For everyone who wants to travel smarter
Enjoying all of Colorado is one of the best things to do about living in Denver, but we can all do more to reduce our impact as we travel away from Mile High City. The Colorado Tourism Office is the first US travel agency is developing a plan to help travelers reduce their carbon footprint. Check out theirs Colo Road Trips Microsite showcasing many ideas for less-visited destinations across the state, including multi-day itineraries with sustainability activities for each destination. Both Aspen and Glenwood Springs are 100% renewable energy. This makes them ideal destinations for anyone looking to get out of the city with a low carbon footprint.
Courtesy Protect Our Winters
For outdoor lovers
Since we’re in Denver it’s pretty safe to assume that we’re all outdoor enthusiasts. And no matter how careful you are when it comes to tenants like “packing, unpacking”, you are impacting the environment every time you go outside. Based in Boulder, Protect our winters was founded in 2007 by professional snowboarder Jeremy Jones and is working on guidelines to help achieve carbon neutrality by 2050, with an emphasis on realizing your own impact and becoming a climate advocate. The organization offers a variety of volunteer opportunities at any time of the year, from making phone calls to contacting officials, exchanging campaigns and much more. Likewise, boulder-based basic website Boulder.Earth works with over 100 environmental organizations in the Boulder area to jointly influence climate change and connect you with them Volunteer opportunities with a variety of organizations.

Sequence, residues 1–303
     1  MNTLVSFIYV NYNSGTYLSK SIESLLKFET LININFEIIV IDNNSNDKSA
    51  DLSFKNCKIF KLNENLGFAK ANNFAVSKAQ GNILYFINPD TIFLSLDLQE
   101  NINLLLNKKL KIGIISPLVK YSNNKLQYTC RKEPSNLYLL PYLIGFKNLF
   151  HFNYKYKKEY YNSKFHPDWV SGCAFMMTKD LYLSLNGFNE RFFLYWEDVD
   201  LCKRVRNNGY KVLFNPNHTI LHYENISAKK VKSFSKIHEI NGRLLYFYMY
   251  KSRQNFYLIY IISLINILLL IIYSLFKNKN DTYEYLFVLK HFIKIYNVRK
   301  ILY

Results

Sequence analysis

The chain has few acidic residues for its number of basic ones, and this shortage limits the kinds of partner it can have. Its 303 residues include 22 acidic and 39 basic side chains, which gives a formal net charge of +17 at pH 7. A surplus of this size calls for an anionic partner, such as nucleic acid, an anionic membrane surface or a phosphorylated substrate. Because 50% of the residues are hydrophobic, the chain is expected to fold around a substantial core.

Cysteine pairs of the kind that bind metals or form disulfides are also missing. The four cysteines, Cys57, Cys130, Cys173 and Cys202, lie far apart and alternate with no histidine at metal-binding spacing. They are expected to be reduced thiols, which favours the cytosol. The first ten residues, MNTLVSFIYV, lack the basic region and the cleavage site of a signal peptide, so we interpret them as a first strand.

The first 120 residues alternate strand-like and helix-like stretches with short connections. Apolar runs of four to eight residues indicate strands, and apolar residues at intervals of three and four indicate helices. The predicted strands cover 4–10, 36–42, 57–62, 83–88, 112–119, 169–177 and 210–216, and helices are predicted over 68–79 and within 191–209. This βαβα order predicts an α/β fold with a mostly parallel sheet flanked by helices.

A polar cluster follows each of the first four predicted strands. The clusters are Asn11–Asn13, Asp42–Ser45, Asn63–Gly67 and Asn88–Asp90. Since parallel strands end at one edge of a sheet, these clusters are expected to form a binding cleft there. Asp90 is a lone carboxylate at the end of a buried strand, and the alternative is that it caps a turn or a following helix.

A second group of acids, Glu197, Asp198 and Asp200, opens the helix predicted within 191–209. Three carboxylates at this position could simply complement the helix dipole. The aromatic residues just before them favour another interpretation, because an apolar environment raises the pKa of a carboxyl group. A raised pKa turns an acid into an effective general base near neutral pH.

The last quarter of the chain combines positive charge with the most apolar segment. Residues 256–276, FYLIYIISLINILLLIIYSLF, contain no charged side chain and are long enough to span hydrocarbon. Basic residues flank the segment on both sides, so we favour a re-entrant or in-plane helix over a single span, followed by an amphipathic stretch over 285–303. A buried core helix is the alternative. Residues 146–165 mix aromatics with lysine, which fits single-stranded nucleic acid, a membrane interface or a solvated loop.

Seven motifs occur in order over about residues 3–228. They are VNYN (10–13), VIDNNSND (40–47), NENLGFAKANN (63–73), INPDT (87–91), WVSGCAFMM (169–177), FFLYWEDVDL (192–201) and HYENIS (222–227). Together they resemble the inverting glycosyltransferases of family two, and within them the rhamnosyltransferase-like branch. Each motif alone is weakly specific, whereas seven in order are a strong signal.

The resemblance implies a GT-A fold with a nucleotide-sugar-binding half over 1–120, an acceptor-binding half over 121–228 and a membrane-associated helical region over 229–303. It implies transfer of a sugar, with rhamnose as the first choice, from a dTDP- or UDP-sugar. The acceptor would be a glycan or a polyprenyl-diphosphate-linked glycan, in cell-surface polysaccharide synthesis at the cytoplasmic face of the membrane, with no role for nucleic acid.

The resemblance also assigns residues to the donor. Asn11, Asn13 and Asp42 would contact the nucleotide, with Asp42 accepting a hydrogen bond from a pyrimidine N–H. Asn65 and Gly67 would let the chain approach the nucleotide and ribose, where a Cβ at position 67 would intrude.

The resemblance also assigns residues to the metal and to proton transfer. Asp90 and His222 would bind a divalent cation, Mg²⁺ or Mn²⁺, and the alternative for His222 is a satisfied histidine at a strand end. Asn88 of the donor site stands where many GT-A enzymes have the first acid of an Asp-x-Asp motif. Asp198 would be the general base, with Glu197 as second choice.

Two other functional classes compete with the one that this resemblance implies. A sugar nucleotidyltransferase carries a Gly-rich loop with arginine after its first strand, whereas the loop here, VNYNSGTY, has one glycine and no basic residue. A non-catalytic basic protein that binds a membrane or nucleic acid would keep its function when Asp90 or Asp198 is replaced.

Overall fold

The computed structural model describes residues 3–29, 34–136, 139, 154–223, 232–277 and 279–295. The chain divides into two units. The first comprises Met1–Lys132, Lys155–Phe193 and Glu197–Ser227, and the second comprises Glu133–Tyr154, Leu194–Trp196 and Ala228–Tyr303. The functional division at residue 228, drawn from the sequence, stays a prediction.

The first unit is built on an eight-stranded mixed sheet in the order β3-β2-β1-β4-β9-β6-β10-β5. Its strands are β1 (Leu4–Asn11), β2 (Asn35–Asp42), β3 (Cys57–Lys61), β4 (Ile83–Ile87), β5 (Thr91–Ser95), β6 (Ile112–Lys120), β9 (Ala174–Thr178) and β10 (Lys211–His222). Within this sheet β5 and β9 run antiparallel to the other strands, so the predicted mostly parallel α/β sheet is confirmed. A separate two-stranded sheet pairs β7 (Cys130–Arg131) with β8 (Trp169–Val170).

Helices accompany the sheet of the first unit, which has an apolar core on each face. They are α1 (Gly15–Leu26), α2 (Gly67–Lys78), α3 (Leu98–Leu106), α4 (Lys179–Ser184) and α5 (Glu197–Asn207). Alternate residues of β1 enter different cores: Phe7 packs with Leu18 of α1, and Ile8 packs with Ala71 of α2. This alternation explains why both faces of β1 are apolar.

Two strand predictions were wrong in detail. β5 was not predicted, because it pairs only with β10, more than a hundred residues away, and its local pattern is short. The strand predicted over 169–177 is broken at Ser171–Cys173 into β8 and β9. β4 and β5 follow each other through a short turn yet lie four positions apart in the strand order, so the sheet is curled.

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Molly Martin is a Denver-based freelance writer. Follow her @mollydbu on Instagram and Twitter for more information on life on Mile High.